If these risks are better matched and spread, the financial system could end up with more risk-taking and yet lower systemic risks. My father, Professor Bishnudat Persaud, taught me early on in my economics training that individual risk-taking is the life-blood of economic dynamism, but that it can also be quickly killed off by systemic crises. More individual risk-taking, but with more spread risks could lead to less systemic risks and that would clearly serve an economy well. I fear we have missed-out on this particular utopia, partly because the main motivation for the growth of credit derivatives had little to do with the spread of risks.
Chart 4: 5 year rolling average G7, 10-year bond yield.
In the 1990s, the average yield on a G7 government bond was 6%. Insurance companies felt at ease selling financial products like endowments, annuities and life insurance that required them to earn similar investment returns. But, proving that you really can have too much of a good thing, greater international trade, more independent central bankers and the arrival of EMU, all combined to lower government bond yields. By the late 1990s, G7 government bond yields had fallen below 4% and insurance companies could no longer meet their liabilities by investing in these low-risk assets. To obtain higher yields they, collectively and inevitably, had to move up the risk spectrum. From 1998, as this chart shows, their holdings of government bonds fell and their holdings of corporate risk, through bonds, credit derivatives and equities rose.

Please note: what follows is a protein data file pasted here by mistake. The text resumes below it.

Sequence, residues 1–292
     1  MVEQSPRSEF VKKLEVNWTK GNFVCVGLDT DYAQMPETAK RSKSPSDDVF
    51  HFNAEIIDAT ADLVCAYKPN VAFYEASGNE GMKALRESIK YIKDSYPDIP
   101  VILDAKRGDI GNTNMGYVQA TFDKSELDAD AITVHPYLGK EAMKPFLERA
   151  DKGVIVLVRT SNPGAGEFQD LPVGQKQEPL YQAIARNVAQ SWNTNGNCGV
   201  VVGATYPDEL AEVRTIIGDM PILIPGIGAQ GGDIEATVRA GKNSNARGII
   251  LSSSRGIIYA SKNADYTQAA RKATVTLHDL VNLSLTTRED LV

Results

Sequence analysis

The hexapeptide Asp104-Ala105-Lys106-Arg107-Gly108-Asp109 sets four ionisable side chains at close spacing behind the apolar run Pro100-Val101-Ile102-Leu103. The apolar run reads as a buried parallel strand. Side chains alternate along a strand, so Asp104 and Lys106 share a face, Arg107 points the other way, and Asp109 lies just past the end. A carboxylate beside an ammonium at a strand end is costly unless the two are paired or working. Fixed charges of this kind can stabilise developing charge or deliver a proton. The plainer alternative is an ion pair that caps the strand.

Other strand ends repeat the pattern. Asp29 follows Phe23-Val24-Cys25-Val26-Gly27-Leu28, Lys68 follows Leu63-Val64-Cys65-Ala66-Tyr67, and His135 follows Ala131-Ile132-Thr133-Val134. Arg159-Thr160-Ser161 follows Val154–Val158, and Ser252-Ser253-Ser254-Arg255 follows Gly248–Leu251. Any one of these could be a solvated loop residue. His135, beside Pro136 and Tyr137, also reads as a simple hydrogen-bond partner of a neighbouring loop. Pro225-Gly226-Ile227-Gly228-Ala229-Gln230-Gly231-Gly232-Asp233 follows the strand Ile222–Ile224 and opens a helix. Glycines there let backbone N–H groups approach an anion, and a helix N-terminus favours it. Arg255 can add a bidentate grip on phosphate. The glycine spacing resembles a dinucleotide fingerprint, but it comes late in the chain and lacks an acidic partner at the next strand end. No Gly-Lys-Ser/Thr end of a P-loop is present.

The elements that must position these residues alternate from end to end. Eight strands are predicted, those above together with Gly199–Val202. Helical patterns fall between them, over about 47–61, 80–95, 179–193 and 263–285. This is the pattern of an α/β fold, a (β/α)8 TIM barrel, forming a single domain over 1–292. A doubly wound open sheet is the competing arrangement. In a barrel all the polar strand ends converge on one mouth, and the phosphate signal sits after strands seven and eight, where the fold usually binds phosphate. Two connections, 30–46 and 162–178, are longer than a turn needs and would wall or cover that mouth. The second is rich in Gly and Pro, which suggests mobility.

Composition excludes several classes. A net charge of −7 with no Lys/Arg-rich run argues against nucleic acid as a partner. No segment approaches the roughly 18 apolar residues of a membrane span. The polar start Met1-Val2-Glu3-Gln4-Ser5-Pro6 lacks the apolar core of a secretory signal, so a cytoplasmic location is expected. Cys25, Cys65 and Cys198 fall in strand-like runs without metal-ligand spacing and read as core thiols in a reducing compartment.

Chart 5: Equities as a share of financial assets held by US insurance companies.
Chart 6: Breakdown of market participants showing protection bought and sold
I must thank Michael Metcalfe and Brian Garvey for pointing this out to me.
Seen in this light, the explosion of credit derivates looks less like an exercise in sound risk-management and more a yearning for yield by insurance companies. I don't need to tell you that whenever financial institutions go after yield as a group, regulators should sit up.